WE ARE THE NIGHT Review
LESBIAN VAMPIRES! Now that the elephant in the room has been addressed it could be assumed that We Are The Night is the same old cash cow filled with familiar tropes of vampire lore. But in fact this is only half true. For example, there are no male vampires at all and the reason for this is cited as "that they were too greedy." Let the undead empowerment begin! We Are The Night is a German production, and set in Berlin. The production value is extremely high and the film is shot beautifully and reflects the nightlife of Berlin effectively.
This film has a lot of fun exposing the habitual, excessive and gluttonous life of a vampire. The group of girls led by the tall, blonde and mysterious Louise (Nina Hoss) live in separate penthouse suites in a lavish hotel and each have multiple luxury cars, expensive fashion and taste. "we eat just for fun" says Louise when she suggests they go to an expensive restaurant. Likewise, as they can only exist at night (and that particular lore is stronger than ever) they visit a shopping mall that is open just for them. They go where they want, do what they want; they are the night. The majority of the scenes are lavish set pieces, highlighting some beautiful spots in Berlin and enhancing the mood of the film.
Another major component of we Are The Night is the impressions of the night life, and this is brilliantly handled by the films pulsing, kinetic score of hard techno which accompanies the vibrant club scenes and the energy and life the vampires are so desperate to consume.
But the underlying feelings and thoughts of these vampires reveal that all is not well. Louise herself is the most damaged one, and unlike crass junk like Lesbian Vampire Killers, the subplots explored here give a humanist view to her lesbian romanticism as she desperately searches for her one true love. She converts only a handful over the centuries she has existed.
Of those handful is the enigmatic Charlotte (Jennifer Ulrich) a 1920's actress that never made it to the talkies and had to leave her family behind after Louise turned her. Even in the present, amidst raves and ultra modern architecture, Charlotte is a black sheep seen smoking an old fashioned pipe, reading a novel and looking disinterested in everything around her. The other girl is Nora (Anna Fischer) a 90's raver who was turned at the love parade. She is the 'youngest' of the group and is seemingly playful and innocent but is filled with regret that she can never be close to someone without literally harming them.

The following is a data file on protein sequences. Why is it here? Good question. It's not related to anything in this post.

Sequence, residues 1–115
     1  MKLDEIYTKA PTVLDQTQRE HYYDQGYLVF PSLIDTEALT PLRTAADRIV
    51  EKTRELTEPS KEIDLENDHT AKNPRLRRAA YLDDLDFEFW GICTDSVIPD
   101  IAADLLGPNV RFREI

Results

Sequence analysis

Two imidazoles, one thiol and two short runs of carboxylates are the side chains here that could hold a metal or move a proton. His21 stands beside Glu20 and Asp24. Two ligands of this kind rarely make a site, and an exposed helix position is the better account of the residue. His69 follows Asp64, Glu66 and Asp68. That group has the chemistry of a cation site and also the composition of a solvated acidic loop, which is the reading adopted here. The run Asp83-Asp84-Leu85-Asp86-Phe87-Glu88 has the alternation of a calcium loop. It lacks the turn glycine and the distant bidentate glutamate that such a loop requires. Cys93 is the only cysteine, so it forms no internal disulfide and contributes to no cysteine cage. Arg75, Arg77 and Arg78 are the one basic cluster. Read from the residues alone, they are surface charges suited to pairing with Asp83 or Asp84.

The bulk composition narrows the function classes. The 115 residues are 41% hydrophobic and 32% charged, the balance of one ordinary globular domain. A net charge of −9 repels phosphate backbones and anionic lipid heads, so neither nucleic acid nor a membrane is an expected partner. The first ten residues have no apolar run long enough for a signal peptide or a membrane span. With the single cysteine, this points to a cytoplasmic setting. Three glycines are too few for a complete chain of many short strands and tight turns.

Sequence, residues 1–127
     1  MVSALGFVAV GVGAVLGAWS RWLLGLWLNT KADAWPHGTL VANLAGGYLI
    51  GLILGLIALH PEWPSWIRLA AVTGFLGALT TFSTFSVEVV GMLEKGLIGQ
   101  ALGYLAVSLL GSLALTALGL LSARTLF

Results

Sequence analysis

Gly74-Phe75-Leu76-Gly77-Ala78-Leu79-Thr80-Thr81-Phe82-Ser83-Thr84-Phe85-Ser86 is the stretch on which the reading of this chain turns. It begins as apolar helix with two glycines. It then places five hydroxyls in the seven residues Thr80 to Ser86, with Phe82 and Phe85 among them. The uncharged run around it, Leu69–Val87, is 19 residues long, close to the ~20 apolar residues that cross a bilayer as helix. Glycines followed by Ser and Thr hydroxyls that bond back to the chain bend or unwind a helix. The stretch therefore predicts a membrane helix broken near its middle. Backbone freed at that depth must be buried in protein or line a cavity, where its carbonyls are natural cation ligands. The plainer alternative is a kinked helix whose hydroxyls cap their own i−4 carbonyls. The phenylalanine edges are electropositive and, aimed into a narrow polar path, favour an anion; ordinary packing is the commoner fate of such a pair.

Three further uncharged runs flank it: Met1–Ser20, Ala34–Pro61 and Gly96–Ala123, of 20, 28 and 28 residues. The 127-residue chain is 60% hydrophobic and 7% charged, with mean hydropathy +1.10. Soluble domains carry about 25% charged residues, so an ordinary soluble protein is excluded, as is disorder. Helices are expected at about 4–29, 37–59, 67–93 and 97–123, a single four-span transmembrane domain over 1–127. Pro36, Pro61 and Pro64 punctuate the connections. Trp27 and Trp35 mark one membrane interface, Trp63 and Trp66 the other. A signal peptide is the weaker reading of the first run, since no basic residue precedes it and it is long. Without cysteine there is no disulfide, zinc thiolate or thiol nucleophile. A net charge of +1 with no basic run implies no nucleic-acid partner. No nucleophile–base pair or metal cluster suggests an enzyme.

When Lena is turned she undergoes a violent and painful transformation, followed by a shocking initiation. When things settle, and much to the contempt of Charlotte, Louise plays the sensitive and caring angle towards Lena. Louise personally scolds herself for trying to take her bizarre relationship with Lena too fast. The visual effects at this point are sublime. Lena as a street rat, covered in tattoos, dyed hair and piercings emerges into a bath in Louise's lofty suite only to watch her injuries, ink and dye fade away, revealing a beautiful woman.
It is Lena's connection with the troupe that breaks the relative stability that they had. She is linked, through a previous thieving attempt, to a handsome and young detective Tom. The romance sub plot here is weak, but forgivable as Lena tries to reject his advances, hide the fact of what she is and fend off any jealousy Louise exhibits.
The climax of We Are The Night is ultimately quite depressing. These creatures really are doomed to spend eternity ultimately alone. There are no bad guys here, just misunderstood ones, so the way Lena concludes this is strange and unsettling. I really wanted to spend more time with this group, the film only touches upon what they have been through and feel, but regardless I highly recommend this. We Are The Night is a commercial production but does not suffer from Hollywood-isation, Twilight-itis or any such nonsense and is the best recent non-indie vampire film out there.